Glen’s throat locked down, tight and hot. At least Jen and Owen died at home, as comfortable as he could make them, warm, clean and dry, a familiar roof over their heads—pumped full of the pain relieving narcotics and antibiotics he’d stockpiled.
Breaking into the University pharmacy hadn’t been the proudest moment of his short lived career as a history professor, and the antibiotics proved useless. The morphine, however, eased both his wife and his son out of this world in a humane way, so he didn’t regret the larceny one bit.
He pushed his thoughts away from the morbid memories. He didn’t want to think of his family that way. He wanted to remember them alive, beautiful and vibrant.
It was damn hard to do.
Tugging the satchel he carried closer to this body, Glen straightened his shoulders, striving to pay attention to his surroundings. His size and height would deter most from trying to steal from him, but it paid to be aware and present in the moment these days.
Even knowing this, his thoughts easily gave way to Mara as he replaced the magazine, and he nearly sighed in defeat. He’d tried to erase her from his mind the last couple of days, to not focus on the little sun nymph who enchanted him from the second he’d seen her in that park.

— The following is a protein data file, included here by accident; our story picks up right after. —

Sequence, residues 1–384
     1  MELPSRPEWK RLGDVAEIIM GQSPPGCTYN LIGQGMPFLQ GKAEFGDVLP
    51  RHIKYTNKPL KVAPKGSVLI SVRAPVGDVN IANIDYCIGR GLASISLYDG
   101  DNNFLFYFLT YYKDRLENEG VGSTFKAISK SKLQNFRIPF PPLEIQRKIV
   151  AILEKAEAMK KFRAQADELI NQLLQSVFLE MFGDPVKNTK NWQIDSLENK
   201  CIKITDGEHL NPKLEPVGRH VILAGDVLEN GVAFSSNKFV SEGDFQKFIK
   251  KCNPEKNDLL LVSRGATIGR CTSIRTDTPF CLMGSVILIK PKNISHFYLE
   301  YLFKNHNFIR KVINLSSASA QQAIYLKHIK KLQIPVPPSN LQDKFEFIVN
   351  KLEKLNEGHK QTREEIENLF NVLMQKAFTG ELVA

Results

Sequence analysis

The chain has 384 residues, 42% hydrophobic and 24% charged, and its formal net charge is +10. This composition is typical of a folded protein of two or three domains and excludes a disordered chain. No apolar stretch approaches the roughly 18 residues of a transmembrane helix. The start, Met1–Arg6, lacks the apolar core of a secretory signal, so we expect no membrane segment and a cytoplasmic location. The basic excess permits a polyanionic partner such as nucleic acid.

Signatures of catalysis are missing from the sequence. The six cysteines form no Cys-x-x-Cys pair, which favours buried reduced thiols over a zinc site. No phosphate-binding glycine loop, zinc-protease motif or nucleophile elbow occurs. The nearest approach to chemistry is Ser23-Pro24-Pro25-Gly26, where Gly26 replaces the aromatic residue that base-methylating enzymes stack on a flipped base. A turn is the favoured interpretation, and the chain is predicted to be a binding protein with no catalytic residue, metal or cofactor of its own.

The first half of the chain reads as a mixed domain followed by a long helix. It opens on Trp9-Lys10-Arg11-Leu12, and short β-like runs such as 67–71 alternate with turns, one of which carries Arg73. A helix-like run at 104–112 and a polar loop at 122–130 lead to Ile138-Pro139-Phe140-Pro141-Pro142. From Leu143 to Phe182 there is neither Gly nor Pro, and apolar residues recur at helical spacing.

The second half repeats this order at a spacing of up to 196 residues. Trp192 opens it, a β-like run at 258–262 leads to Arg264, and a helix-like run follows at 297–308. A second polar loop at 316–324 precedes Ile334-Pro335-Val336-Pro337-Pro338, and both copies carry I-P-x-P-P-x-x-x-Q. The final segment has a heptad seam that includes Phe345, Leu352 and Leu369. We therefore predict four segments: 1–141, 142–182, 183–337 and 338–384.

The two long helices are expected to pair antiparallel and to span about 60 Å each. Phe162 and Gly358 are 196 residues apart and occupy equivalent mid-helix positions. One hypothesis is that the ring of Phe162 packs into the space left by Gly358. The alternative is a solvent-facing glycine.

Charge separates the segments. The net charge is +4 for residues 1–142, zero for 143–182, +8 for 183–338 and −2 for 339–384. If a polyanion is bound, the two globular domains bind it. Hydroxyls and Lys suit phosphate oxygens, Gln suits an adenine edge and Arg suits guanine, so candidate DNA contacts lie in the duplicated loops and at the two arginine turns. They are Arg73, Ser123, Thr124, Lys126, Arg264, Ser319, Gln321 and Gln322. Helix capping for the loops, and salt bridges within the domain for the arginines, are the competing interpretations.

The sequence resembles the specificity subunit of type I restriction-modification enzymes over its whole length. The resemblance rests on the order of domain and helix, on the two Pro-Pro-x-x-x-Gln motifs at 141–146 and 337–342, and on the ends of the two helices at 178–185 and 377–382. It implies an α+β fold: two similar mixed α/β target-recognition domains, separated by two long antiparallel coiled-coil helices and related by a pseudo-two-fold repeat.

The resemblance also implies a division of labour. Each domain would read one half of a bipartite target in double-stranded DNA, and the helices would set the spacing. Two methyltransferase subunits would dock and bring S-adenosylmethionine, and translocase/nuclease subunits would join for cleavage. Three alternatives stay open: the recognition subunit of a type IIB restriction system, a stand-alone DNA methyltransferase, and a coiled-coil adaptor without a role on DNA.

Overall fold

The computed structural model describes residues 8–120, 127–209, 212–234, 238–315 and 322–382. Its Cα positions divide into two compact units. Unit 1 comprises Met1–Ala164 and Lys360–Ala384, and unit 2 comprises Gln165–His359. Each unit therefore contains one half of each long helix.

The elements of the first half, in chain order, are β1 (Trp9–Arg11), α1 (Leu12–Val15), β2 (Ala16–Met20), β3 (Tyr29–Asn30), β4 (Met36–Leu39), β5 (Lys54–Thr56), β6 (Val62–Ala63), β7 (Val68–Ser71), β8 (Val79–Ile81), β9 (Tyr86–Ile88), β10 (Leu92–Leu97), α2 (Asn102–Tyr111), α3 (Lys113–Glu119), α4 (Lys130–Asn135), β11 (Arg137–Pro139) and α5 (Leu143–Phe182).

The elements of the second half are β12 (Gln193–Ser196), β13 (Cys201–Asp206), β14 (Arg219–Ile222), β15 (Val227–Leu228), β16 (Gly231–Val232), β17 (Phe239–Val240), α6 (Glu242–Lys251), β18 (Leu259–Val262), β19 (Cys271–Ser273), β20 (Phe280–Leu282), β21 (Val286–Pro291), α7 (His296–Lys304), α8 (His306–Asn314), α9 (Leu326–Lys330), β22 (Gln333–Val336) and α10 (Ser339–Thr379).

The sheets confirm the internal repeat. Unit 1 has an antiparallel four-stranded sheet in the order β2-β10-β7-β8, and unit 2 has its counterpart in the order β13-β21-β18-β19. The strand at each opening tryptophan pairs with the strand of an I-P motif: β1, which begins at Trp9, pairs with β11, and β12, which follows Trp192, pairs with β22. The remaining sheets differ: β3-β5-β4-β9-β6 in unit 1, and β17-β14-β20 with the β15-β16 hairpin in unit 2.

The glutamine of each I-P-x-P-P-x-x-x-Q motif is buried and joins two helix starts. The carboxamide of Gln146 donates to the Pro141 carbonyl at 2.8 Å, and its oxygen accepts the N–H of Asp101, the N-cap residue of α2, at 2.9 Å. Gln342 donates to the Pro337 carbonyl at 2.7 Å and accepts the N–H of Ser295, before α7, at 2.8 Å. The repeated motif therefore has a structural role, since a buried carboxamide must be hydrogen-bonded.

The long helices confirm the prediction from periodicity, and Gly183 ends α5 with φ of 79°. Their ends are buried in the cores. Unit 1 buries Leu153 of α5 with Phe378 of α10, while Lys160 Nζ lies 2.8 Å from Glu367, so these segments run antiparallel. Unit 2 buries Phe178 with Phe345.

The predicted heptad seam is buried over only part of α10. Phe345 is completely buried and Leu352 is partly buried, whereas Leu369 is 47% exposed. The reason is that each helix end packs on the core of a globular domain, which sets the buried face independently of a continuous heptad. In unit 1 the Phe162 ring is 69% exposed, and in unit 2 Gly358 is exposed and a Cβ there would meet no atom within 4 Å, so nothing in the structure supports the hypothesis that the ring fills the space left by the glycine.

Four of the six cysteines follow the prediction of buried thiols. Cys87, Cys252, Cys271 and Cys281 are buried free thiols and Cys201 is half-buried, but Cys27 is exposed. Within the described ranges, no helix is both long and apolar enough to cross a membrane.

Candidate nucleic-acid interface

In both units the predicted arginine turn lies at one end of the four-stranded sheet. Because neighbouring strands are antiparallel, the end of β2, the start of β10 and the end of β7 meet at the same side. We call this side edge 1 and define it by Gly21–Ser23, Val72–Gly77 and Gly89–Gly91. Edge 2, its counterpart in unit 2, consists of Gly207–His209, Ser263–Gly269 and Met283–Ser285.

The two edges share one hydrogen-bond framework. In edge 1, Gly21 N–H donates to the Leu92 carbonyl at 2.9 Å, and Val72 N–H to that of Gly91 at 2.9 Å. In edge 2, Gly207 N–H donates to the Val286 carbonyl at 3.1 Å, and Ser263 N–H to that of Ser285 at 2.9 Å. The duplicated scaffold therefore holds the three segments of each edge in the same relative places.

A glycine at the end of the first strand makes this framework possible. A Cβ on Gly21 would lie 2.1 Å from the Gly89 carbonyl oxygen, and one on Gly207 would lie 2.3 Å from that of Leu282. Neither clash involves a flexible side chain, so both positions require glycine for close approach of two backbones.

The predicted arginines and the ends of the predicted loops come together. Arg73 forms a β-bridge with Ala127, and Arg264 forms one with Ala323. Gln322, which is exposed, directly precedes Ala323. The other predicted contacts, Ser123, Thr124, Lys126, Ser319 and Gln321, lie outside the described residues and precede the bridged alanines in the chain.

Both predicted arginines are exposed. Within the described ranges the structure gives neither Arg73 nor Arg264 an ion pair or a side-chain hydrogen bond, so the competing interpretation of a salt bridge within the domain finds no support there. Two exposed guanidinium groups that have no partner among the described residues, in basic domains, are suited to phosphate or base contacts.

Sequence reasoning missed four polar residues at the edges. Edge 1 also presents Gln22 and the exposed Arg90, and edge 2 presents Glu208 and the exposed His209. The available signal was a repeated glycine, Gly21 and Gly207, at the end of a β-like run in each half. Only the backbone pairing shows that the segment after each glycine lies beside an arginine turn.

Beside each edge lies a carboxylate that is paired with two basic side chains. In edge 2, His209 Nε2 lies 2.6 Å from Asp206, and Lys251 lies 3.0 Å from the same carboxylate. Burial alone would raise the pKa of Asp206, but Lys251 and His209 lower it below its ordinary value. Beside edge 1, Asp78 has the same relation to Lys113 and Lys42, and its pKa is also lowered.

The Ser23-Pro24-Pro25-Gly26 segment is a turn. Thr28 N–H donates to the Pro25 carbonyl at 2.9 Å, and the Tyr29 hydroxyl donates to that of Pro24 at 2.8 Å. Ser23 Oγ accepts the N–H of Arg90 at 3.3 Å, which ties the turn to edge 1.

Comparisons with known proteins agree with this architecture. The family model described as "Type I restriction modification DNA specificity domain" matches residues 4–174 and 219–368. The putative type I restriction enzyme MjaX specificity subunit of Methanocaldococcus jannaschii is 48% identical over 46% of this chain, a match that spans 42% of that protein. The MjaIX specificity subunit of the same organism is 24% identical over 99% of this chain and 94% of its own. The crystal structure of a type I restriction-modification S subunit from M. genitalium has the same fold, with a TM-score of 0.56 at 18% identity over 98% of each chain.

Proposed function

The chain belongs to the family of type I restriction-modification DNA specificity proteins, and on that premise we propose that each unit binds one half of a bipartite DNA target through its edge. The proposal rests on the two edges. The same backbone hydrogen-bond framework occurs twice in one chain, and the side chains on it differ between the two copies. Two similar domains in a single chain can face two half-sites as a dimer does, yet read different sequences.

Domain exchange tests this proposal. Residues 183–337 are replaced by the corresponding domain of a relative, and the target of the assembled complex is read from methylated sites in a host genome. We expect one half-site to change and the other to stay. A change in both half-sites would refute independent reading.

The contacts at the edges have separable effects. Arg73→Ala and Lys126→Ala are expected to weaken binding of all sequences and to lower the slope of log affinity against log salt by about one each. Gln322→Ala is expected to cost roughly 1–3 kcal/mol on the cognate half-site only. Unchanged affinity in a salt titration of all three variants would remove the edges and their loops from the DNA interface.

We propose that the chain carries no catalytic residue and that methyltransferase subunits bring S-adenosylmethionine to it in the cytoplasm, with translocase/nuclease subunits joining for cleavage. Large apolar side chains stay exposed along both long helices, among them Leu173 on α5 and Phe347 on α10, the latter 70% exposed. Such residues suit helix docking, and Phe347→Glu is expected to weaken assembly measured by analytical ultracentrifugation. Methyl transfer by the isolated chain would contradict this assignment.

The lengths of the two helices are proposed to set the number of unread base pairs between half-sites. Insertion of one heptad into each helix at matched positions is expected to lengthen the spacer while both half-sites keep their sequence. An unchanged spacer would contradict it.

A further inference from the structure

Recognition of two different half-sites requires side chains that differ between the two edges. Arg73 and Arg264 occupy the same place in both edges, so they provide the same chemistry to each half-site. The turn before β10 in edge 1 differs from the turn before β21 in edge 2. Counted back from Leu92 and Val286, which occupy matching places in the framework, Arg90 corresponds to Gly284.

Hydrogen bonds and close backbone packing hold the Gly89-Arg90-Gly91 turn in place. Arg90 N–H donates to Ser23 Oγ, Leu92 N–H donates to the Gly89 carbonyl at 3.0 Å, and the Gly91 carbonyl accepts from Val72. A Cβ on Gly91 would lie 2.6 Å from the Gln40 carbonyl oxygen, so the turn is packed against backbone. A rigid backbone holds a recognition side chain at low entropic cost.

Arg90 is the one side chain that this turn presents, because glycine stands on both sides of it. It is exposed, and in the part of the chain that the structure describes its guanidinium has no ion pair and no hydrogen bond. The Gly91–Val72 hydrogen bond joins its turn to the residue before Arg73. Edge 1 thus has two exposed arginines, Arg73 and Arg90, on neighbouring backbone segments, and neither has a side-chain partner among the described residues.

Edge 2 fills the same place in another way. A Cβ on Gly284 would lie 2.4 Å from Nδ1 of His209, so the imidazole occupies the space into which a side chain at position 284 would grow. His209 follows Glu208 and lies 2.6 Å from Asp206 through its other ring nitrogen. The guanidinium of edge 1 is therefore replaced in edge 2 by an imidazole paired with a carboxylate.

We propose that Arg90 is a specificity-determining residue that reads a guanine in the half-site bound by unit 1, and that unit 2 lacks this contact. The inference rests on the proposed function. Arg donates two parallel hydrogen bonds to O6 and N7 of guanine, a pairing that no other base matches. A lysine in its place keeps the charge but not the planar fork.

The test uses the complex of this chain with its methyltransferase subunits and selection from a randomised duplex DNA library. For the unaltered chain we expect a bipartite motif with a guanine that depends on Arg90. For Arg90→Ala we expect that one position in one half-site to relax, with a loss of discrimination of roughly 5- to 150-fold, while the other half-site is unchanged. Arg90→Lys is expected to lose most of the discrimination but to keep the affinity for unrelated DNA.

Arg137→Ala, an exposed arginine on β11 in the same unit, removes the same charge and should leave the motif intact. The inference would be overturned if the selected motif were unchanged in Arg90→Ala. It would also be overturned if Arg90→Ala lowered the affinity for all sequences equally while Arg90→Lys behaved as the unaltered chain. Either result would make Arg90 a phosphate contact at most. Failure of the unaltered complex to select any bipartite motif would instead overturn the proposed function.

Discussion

He’d taken a huge risk approaching her, not to mention giving her the vitamin D tablets. As the remaining government men grew bolder in their attempts to find UV Tolerant individuals, no one in his position could afford to be careless about showing their immunity to the sunlight. She’d caught him off guard though, and he was lured by her beauty and fragility. There was no denying his loneliness and craving for normalcy, something she represented, laying there so lovely as she’d basked in the light that poisoned and stole away all semblance of the life he used to know. The life he mourned.
From the moment she spoke, he’d sensed a kindred spirit. The sadness in her demeanour couldn’t be ignored. She carried the weight of the world on her delicate shoulders, her sense of being abandoned a colourless shroud around her. He ached to see someone that lovely and precious alone in the world, left to fend for herself and two small boys. No wonder it had been difficult to coax a smile.
Grimacing as icy trickles of rain found their way under his collar and down the back of his neck, Glen grew alert as a large crowd ahead of him became unruly. He cursed under his breath, narrowly missing colliding with a large woman. She had her sweater pulled up, giving him a view of ghost-white belly rolls jiggling as she tried to run with whatever she’d bundled in the material. A few apples spilled out, and Glen nearly tripped on them as she shot by.
Weighing his options, he headed left where the crowd was the thinnest, hoping to bypass the worst of the riot, which he quickly discerned was taking place based on the fruit he’d almost fallen over.